To eliminate the disparity in HIV drug data for pregnant and breastfeeding people, regulators and drugmakers need to take four key steps, a consortium of researchers recommend in an opinion piece in the Journal of the International AIDS Society.

Right now, data on pregnant people usually don’t arrive until six years after an antiretroviral is approved for other adults. This means that researchers “shift the risk of harm from occurring under trial settings in which informed consent and intensive monitoring are practiced, to occurring in routine care settings in which medications may be used despite a lack of data for evidence-based management decisions,” according to the authors.

Lack of inclusion of women—pregnant or not—has been an ongoing issue in clinical trials. For example, the lack of data on cisgender women meant that the Food and Drug Administration approved Descovy (tenofovir alafenamide/emtricitabine) for HIV pre-exposure prophylaxis for everyone except those at risk of HIV through vaginal sex.

But changes won’t be straightforward, wrote Risa Hoffman, MD, an infectious disease doctor at the David Geffen School of Medicine in Los Angeles, and colleagues, but they will be possible if officials and scientists follow data and recommendations laid out by the Task Force on Research Specific to Pregnant and Lactating Women (PRGLAC) and the Pregnancy and HIV/AIDS: Seeking Equitable Study (PHASES) Working Group. PRGLAC’s work has been funded by the National Institute of Child Health and Human Development (NICHD) and PHASES received funding from the National Institute of Allergy and Infectious Diseases (NIAID), both part of the National Institutes of Health.

The three steps are:

  • Reduce regulatory barriers. Drugmakers can design clinical trials so that they start preclinical testing for potential harms to the fetus early in the trial process—and regulators can insist that they do so. That way, by the time researchers recruit participants for their Phase IIB or Phase III trials (the studies that show whether the drug actually works in humans), they will have the information they need to know whether it’s safe to include pregnant people in those trials. Currently, risk of pregnancy complications or fetal harm is a cause for researchers to exclude many women from clinical trials, and women who become pregnant during a trial are often taken off the study drug and removed from the study. This step would also allow researchers to present that preclinical data to women who become pregnant during the study and allow them to decide if they want to continue in the trial. If women decide to go ahead, they can be regularly monitored throughout the pregnancy, and data on the infants can be kept to provide data throughout the process.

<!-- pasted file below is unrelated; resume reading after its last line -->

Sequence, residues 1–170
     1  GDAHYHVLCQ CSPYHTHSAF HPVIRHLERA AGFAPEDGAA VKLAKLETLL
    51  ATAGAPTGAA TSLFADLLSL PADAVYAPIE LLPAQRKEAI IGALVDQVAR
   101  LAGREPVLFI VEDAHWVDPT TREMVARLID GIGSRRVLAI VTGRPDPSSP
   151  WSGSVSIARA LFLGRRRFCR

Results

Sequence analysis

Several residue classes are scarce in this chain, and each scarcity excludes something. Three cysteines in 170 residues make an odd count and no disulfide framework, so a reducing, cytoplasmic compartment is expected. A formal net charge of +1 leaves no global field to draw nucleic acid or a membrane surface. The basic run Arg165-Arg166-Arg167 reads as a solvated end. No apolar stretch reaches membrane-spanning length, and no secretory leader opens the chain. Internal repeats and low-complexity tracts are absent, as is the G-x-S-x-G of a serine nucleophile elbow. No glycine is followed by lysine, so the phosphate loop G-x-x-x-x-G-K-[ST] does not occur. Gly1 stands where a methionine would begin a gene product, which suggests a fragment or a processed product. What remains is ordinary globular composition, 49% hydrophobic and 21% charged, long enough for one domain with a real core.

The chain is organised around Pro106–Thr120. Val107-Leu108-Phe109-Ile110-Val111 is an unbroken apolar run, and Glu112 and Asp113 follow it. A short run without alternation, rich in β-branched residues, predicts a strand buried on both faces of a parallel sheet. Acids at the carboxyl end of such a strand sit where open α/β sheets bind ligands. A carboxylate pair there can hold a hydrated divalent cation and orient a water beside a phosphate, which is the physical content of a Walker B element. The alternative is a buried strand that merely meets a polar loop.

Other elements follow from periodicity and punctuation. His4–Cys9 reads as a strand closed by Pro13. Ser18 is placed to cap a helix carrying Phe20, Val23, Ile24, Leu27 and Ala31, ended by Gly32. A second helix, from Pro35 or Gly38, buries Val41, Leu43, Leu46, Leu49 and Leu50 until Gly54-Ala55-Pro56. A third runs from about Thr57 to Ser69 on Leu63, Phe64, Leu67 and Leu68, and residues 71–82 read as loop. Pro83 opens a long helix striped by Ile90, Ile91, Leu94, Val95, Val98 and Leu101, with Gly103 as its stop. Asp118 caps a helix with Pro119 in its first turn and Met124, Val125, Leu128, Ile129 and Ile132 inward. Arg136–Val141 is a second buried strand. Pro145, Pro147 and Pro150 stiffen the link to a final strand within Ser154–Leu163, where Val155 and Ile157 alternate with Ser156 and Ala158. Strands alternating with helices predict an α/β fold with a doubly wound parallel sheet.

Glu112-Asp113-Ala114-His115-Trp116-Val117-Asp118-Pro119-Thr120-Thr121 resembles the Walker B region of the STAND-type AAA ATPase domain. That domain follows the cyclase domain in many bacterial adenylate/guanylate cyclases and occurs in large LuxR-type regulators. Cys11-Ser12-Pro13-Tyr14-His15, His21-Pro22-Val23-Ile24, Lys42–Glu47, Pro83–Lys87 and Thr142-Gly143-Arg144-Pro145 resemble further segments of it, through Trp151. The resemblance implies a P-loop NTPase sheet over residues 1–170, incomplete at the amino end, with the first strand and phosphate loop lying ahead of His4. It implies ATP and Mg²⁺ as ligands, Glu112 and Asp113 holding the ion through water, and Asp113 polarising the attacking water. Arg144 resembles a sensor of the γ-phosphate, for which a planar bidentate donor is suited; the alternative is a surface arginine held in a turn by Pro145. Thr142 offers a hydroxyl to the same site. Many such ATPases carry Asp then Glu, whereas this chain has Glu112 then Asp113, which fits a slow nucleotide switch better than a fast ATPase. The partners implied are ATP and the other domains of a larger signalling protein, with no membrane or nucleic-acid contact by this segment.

• Design smart trials with pregnancy in mind. Increasingly, trials for cancer and for COVID-19 have included mechanisms to allow people to continue in the trial, even if they have complex outcomes. Hoffman and colleagues point to the Master Adaptive Platform Trials, which fast-track drug discovery by building in plans for what to do based on interim data—for instance, having multiple cohorts within one trial, all compared against a single control group. That way, if, say, interim data on pregnant people showed abnormalities in development, researchers could adapt, rather than halt, the whole study. In short, the risk that including pregnant people could jeopardize the entire study would disappear.
  • Collaborate for better outcomes for pregnant people and their children. To make all these changes, it’s going to take partnerships between industry, academic researchers, nongovernmental organizations, government regulators, clinical trial sites and, of course, pregnant people themselves working together, the experts said. They suggest incentives to spur early preclinical research into potential pregnancy toxicities and regulatory rules that mandate that drugmakers test their drugs in pregnant and lactating people if preclinical data look promising.

Writing in honor of International Women’s Day, the authors conclude with this thought: “Pregnant and lactating women must be protected through research, not from research. We must achieve equitable and timely inclusion of all women in clinical trials.”

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